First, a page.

When Ariel Arnaldo “el burrito” Ortega made his explosive impact in River Plate’s first team in 1992, he was immediately regarded as a typical product of the club’s youth policy. He combined the essential blend of outstanding technique, skill, and flair that had characterized the likes of other illustrious products of the River “school of football” such as Labruna, Di Stefano, Moreno, Loustau, Sívori, Onega, Alonso, and many others. Plus, his “gambeta” was regarded as the most impressive since the mid-eighties appearance of Claudio Caniggia in River’s line-up. His memorable performances in both of River’s successive triumphs against Boca at the latter’s Bombonera stadium during 1994 immortalized him as a hero of the fans.
By that time Ortega was part of a tremendously powerful forward line that also included the likes of the 34 year old Uruguayan and former River super-idol Enzo Francescoli, back from a long sojourn in France and Italy, and the very promising centrefoward Hernán Crespo. These forwards were assisted from midfield by two other youngsters that had also just broken into the first team from the youth ranks: the pint-sized Marcelo “el muñeco” Gallardo, tremendously skillful number ten, and Matías Almeyda, a very aggressive and versatile defensive midfield player. This team was coached by former River glories such as Daniel Passarella and “el tolo” Gallego, who eventually left River to become part of the Argentine national team staff. They were replaced by Ramón “el pelado” Díaz another River Plate legend.
Under Díaz’s guidance River won the 1996 Libertadores Cup and also the Apertura tournament during that same year. After this success, Ortega was transferred to Valencia. Although he played alongside Romario there, he never really adapted to Spanish football and left to the Italian Serie A to join Sampdoria a year later. In spite of the fact that this team was relegated during his first season there, “el burrito” managed to outshine the rest of that team, alongside the team’s goalscoring number nine Vincenzo Montella, and was sold to the then high riding Parma outfit. Here, despite teaming up with Crespo again, Ortega seriously went off the boil in the second half of the season and, after a succession of interminable rows with coach Malesani, decided to head back to his beloved River in 2000. His arrival created a commotion at the club where he began his first steps as a professional footballer, as he linked up with two new prodigies of the club’s youth policy, Aimar and Saviola.
Although River produced some delightful football with the “cuatro fantásticos”, the fourth in contention being the Colombian striker Juan Pablo Angel, the team failed to pick up a trophy during “el burrito’s” first two years back home. However, Aimar and Saviola, who both left to play in Spain by 2001, declared to have profited enormously as a result of playing alongside Ortega. By 2002, Ortega was linking up with two new promises that had been promoted to the first team, largely as a consequence of Aimar and Saviola’s departures: attacking midfielder Andrés D’alessandro and centrefoward Fernando Cavenaghi. With this new powerful attacking trio, plus the invaluable assistance of other quality players such as Demichelis, Coudet and Cambiasso, River won the Clausura of 2002 playing some delightful attacking football.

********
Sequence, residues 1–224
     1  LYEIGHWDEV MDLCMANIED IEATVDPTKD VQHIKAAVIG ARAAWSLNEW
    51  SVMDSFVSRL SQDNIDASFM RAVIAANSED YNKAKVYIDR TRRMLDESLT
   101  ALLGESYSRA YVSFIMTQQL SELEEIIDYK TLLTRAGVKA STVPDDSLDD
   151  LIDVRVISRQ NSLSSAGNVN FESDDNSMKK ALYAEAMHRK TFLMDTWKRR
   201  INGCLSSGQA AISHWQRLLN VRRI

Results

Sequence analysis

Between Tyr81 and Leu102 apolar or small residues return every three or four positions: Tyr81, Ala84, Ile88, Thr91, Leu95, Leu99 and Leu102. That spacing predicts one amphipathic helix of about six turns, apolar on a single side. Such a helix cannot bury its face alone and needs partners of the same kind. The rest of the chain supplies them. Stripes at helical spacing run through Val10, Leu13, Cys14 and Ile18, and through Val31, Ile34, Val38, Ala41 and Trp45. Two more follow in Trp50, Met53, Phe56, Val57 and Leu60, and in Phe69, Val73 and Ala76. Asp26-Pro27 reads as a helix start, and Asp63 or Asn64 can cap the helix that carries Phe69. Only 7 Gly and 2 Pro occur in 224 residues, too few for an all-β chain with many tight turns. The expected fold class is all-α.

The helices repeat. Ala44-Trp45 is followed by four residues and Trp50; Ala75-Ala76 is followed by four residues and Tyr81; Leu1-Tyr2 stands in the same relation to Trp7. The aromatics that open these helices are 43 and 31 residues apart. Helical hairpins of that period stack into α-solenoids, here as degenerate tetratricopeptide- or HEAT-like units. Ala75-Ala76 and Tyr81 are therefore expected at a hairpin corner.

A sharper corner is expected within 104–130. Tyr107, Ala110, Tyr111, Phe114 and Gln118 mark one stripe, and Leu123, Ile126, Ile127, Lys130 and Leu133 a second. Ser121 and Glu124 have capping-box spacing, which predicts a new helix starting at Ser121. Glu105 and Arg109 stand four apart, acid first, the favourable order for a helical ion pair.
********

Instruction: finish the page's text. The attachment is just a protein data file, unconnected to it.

It was clear that “el burrito” had become a referent for the young skillful players emerging from River’s junior ranks. Ortega departed from River again after playing for the national team in the 2002 World Cup, and began a most traumatic experience playing for Turkey’s Galatasaray. In the mean time, however, River had clearly profited with the maturity acquired by Ortega’s latest “disciple” D’alessandro the main commander of the team that won the Clausura again in 2003 alongside Cavenaghi, who in turn became the main referent, after D’alessandro was sold to Germany that same year, when River clinched yet another Clausura trophy in 2004. It was precisely at the end of that season that Ortega returned to Argentina, after his nightmarish Turkish experience that cost him a two year FIFA suspension for breach of contract, but this time to join Rosario club Newels Old Boys.
It would only be a matter of time, however, for Ortega to rejoin River for a second time. After a year and a half at Newels, where he obtained an Apertura trophy under the guidance of former coach Gallego, the man who promoted him to River’s first team in the early nineties, Passarella, was back at River eager to reunite Ortega with Gallardo, who had returned to River in 2003. In mid-2006, Passarella finally achieved this ambition but would rapidly be confronted by Ortega’s ever increasing personal problems, especially related with his drinking. Somehow “el burrito” managed to sustain himself after being in and out of the team during his first year, and produced some outstanding personal performances in the second half of 2007, especially in a 2-0 victory against Boca.
Nevertheless, Ortega’s impressive form was not enough to elevate River to the top level, and Passarella received the sack at the end of 2007. By the time Cholo Simeone took over as coach at the beginning of the following year, a diminutive and very frail looking offensive midfielder had erupted into the first team and would rapidly begin to score goals by way of his dribbling skill and powerful shots. The nineteen year old Diego Buonanotte proved to be a perfect new “compadre” for Ortega and, after traumatic defeats against Boca in the league and San Lorenzo in the Libertadores cup, these two players enabled River to clinch the Clausura league after four years without winning trophies of any sort. A new “burrito” disciple had yet again emerged.